Prepa Revitalization Act to Lead to Higher Power Rates
SAN JUAN – The Senate revealed Tuesday its final version of the Puerto Rico Electric Power (Prepa) Authority Revitalization Act, which makes way for the utility’s Restructuring Support Agreement with a majority of its bondholders. The legislation creates a separate corporation that will issue so-called restructuring bonds that will be exchanged for the current Prepa bonds.
Once the bill becomes law, a 180-day process begins to revise the utility’s current rate structure through public hearings with the Energy Commission. The rate will include charges for fuel and a transition charge that will be used to pay for the restructuring.
Prepa customers who fall behind in their payments to the utility will not be reported to the credit bureaus. However, the utility will verify the credit of new customers. If the consumer has poor credit, Prepa will be allowed to impose certain deposits and fines to ensure payment. The legislation creates a new Prepa bill that will list each charge separately, including what the consumer pays for contribution in lieu of taxes and subsidies (CELI by its Spanish acronym).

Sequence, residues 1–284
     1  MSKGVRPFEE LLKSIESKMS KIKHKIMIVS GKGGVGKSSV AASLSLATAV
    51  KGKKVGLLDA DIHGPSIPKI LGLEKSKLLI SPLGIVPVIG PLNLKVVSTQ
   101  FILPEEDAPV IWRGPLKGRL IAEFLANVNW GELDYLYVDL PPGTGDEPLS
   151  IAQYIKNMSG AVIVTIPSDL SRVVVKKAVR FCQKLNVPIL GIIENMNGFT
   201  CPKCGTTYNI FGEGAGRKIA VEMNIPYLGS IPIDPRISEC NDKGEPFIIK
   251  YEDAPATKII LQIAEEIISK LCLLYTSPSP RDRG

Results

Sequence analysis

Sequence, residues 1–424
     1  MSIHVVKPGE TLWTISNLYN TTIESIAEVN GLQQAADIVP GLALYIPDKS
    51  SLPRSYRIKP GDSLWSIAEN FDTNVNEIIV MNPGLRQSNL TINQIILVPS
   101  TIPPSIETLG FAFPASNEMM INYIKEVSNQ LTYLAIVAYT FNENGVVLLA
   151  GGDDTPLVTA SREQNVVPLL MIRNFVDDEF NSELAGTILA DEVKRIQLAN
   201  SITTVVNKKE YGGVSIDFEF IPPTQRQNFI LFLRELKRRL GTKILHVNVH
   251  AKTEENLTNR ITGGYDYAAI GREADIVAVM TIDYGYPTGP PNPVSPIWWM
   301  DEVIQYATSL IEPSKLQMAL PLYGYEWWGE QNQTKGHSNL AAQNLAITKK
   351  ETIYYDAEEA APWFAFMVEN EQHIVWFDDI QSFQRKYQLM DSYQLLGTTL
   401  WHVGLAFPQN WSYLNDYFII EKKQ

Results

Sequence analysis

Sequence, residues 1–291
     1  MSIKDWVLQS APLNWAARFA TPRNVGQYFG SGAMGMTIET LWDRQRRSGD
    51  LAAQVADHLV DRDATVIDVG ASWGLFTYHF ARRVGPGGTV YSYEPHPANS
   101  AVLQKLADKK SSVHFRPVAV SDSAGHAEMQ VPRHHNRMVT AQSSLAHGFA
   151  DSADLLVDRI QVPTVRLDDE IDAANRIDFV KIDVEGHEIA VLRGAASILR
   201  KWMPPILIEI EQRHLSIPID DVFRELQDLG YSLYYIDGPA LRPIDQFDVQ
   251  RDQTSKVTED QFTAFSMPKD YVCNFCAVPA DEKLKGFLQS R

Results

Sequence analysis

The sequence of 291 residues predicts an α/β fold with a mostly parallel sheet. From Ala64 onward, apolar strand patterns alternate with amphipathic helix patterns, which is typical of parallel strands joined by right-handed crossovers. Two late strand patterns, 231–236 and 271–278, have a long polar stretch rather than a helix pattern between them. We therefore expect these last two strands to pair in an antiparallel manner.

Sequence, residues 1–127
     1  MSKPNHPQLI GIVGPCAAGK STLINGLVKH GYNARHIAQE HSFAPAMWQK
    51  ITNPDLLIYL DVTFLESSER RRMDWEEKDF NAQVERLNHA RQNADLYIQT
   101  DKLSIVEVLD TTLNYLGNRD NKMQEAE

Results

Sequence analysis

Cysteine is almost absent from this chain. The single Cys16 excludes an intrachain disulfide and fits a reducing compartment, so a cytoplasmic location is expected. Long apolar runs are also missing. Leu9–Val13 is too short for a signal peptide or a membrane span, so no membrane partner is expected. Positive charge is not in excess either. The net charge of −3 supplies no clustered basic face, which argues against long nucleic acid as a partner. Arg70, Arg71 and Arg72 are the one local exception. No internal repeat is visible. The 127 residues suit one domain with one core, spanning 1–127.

The legislation also creates a new CELI structure with the island’s 78 municipalities. Each city will have a maximum amount of electricity it will be allowed to use based on the average use of power in the three previous years. Each town will be required to reduce its consumption by 15% over the next three years. If the city exceeds its power usage by the maximum amount, it will have to pay for that excess to Prepa.
The legislation also replaces Prepa’s current board with nine new members, three of which will represent consumers. However, the number of members will be reduced to seven, and include two consumer representatives.
The legislation is slated to go to a vote Wednesday.